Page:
A Christian-Jewish Melodrama

R: Louis H. Chrispijn. D: Louis H. Chrispijn, Enny de Leeuwe, Mien van Kerckhoven-Kling, Jan van Dommelen, Eugenie Krix, Annie Bos, Lau Ezerman, Theo Frenkel Jr.  P: Filmfabriek Hollandia. NL 1914
Print: EYE
Without titles

“When Dora, the eldest daughter of a blind, widowed and orthodox Jew, falls in love with a doctor who is a Christian, she is disowned by her father and driven out of the house. As it was Dora whose work was the source of the family’s income, her father and her younger sister Lea are soon reduced to poverty. Unable to pay the rent, they are turned out of their house. They set out on foot, roaming through the countryside in search of a new home. A kindly farmer’s wife gives them shelter in a barn for a night. Thereafter they proceed to Amsterdam where they find a place to live in a cellar. One evening, when Lea and her father go into an expensive restaurant to beg, Lea is shocked when she sees her sister dining there together with her husband. Not wishing to be seen by Dora, Lea hastily leads her father away. Some days later, when Lea is busy knocking at doors and begging, her father’s guide-dog runs away. The old man totters into a canal and Lea, although she cannot swim, jumps into the water in an attempt to help her father. Fortunately, some passers-by see what has happened, dive into the canal and rescue father and daughter. As a result of her plunge into the cold water, Lea becomes seriously ill. A doctor is called in to attend to her. He turns out to be Dora’s husband. After the doctor manages to save Lea’s life, his grateful father-in-law accepts him and the family is finally reunited.”

Laurens Ezerman was born in Rotterdam, Netherlands, in 1892. His debut was Nederland en Oranje/Netherlands and Orange (1913, Louis Chrispijn sr), a short silent film that portrayed in twenty scenes highlights from the Dutch history. He became one of the actors of the ‘troupe’ of the Filmfabriek-Hollandia, the most active producer of silent films in The Netherlands. The company’s main directors were Maurits Binger, Louis Chrispijn sr and Theo Frenkel sr. Chrispijn directed Lau Ezerman in such melodramas as Zijn viool/His Violin (1914), Gebroken levens/Broken Lives (1914, starring the grand Louis Bouwmeester) and Weergevonden/Lost and Found (1914). Most of these films are presumed missing, but Weergevonden was literally found again in 1976. In 1920 Hollandia united with a British company and Ezerman played in their historical adventure film De zwarte tulp/The Black Tulip (1921, Maurits Binger, Frank Richardson) and their crime film Bulldog Drummond (1922, Oscar Apfel), based on a popular novel and play by Sapper (Herman C. McNeile). (…)

In the 1930’s, directors like Detlev Sierck (Douglas Sirk) and Ludwig Berger and script writers like Walter Schlee went in exile from Nazi Germany and gave the Dutch film industry a healthy impulse. Ezerman played character parts in such films as the comedy Bleeke Bet/Pale Beth (1934, Richard Oswald, Alex Benno), Het meisje met den blauwen hoed/The Girl With the Blue Hat (1934, Rudolf Meinert) with Truus van Aalten, Komedie om geld/The Trouble with Money (1936, Max Ophüls), the popular romcom Vadertje Langbeen/Daddy Long Legs (1938, Frederic (Friedrich) Zelnik) starring Lily Bouwmeester, Morgen gaat het beter/Tomorrow It Will Be Better (1939, Frederic Zelnik), and the thriller De spooktrein (1939, Carl (Karel) Lamac), based on the play The Ghost Train (1925) by Arnold Ridley. In 1941 the Nazis censured films such as Bleeke Bet for reissues and all the Jewish actors such as Lau Ezerman were cut from the film, but he himself would never know that. In 1940 Lau Ezerman had committed suicide in the city of Amersfoort.”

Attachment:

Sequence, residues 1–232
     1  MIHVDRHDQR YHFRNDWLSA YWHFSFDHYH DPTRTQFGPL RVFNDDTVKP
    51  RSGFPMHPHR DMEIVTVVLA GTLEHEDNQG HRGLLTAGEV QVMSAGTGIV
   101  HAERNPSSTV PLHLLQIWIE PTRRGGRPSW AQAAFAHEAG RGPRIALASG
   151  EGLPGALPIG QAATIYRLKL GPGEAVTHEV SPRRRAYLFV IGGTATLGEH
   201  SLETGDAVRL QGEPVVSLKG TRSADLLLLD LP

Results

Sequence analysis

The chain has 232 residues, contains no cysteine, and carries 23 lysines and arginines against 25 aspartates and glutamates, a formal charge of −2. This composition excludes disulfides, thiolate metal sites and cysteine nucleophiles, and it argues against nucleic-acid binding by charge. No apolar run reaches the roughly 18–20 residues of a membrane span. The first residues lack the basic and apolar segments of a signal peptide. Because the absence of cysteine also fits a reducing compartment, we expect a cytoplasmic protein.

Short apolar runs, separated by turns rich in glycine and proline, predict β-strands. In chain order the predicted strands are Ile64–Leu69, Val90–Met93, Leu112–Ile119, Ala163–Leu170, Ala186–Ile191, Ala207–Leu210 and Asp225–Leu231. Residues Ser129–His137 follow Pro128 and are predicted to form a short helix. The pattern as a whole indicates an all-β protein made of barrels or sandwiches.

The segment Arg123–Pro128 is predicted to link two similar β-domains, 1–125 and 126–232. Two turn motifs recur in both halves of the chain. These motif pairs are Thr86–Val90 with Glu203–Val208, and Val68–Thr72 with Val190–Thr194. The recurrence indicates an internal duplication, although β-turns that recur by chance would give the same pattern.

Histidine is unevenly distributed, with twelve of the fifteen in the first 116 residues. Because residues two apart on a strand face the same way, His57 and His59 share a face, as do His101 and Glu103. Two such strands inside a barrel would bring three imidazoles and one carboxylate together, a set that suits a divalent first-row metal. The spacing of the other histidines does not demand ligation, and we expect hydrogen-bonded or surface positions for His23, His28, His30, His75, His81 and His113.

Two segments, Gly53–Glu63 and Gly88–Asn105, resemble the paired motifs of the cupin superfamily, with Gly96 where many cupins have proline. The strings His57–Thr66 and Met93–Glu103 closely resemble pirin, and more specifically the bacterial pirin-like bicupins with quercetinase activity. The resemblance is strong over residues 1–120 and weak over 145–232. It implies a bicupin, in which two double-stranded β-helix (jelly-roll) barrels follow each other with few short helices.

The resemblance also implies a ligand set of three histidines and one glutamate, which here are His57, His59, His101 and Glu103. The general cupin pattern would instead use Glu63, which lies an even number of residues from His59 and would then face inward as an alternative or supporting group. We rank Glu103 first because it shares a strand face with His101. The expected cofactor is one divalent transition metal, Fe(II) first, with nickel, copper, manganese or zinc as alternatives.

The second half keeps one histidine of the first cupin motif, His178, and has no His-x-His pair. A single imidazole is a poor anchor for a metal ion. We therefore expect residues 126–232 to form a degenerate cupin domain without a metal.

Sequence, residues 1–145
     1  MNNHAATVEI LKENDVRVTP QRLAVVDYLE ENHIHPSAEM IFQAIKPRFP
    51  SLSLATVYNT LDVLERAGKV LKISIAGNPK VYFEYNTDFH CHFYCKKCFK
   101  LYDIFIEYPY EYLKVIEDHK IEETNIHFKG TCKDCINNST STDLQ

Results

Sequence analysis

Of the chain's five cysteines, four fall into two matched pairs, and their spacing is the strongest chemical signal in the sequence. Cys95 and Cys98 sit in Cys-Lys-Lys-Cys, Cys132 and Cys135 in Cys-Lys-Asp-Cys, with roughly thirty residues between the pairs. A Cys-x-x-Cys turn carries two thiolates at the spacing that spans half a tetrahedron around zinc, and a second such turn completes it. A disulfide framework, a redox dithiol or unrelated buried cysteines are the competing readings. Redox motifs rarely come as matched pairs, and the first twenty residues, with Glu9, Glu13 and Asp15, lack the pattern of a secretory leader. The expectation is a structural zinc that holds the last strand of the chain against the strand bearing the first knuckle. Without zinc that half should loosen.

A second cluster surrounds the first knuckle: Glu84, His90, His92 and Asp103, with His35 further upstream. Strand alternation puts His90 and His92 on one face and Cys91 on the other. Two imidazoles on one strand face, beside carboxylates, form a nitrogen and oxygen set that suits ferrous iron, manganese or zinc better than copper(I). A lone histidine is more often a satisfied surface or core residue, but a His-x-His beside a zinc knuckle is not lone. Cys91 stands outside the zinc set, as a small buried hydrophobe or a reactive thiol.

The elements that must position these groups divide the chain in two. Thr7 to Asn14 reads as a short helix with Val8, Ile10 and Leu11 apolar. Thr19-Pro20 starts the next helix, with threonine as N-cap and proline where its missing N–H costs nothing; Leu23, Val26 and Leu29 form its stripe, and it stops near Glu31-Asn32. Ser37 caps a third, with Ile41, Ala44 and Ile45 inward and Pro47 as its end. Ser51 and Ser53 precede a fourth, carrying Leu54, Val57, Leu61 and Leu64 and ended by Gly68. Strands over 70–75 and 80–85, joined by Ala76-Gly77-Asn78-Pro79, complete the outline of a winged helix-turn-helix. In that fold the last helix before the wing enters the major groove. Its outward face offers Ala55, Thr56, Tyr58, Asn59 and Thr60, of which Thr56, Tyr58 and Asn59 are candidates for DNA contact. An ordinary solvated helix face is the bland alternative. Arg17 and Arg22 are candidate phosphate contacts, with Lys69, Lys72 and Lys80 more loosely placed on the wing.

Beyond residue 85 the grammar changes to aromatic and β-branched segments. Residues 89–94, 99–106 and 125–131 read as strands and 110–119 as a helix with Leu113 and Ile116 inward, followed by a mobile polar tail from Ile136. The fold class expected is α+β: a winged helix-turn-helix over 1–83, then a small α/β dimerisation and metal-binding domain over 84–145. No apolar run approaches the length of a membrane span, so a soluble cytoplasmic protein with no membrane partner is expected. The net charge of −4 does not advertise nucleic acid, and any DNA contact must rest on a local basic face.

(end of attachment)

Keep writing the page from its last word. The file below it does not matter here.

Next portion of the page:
European Film Star Postcards


One-Joke College Comedies

Revolution in a Bachelors’ Club
R: Unknown. D: Irving Cummings, Paul Panzer, Crane Wilbur. P: American Pathé Frères. USA 1911
French and Dutch titles

“Great excitement prevails in the clubroom over the question of woman’s suffrage and the boys all agree that never in all their mortal lives will they have anything to do with any woman. One particularly vehement denouncer of the fair sex hies him home about 1:30 A.M. to his apartment house, where only bachelors live and by a strange accident crawls into the wrong apartment. It seems that in the meantime a beautiful woman has moved into this apartment, and hearing the intruder enter and believing it to be a burglar, she hides under the bed. Here she is discovered by the bachelor, who thinks it’s a suffragette burglar, and rushes off to the club and later to the police station, with the whole club at his heels. They go with two officers to arrest the intruder, only to discover that Mr. Bachelor had been in somebody else’s quarters.”
Moving Picture World synopsis

Willie’s Sister
R: Unknown. D: James Morrison, Earle Williams, Tefft Johnson, Anne Schaefer, Alec B. Francis. P: Vitagraph Company of America. USA 1912
Print: EYE (Desmet collection)
Dutch titles

“Willie Green, off for college, tearfully kisses Ma and Pa and Sister good-bye. Arrived on the campus, he approaches a grave and reverend senior to ask where the proctor is located. The senior knocks off his hat. Willie replaces it and laughs feebly at the joke. The senior sternly tells him to take it off and be respectful to his betters. Willie obeys, and awe-stricken, repeats his question. The senior points, Willie dodges, gathers up his suitcases and exits cautiously, watching the senior. The proctor places him in a room with a senior, who makes life a burden to him, using him as a valet.(…)”
Moving Picture World synopsis

“Paul Panzer (3 November 1872 – 16 August 1958) was a German-American silent film actor. He appeared in 333 films between 1905 and 1952. Panzer was best known for playing Koerner/Raymond Owen in The Perils of Pauline. From 1934 through the 1950s he was under contract to Warner Brothers as an extra. He was born in Würzburg, Bavaria, and died in Hollywood, California.”

>>> more about Paul Panzer: Buffalo Bill


Psychological Symmetry

Zia Bettina
R: Unknown. D: Ida Carloni Talli, Alberto Collo, Augusto Mastripietri. P: Cines, Roma. It 1912
Print: Museo Nazionale del Cinema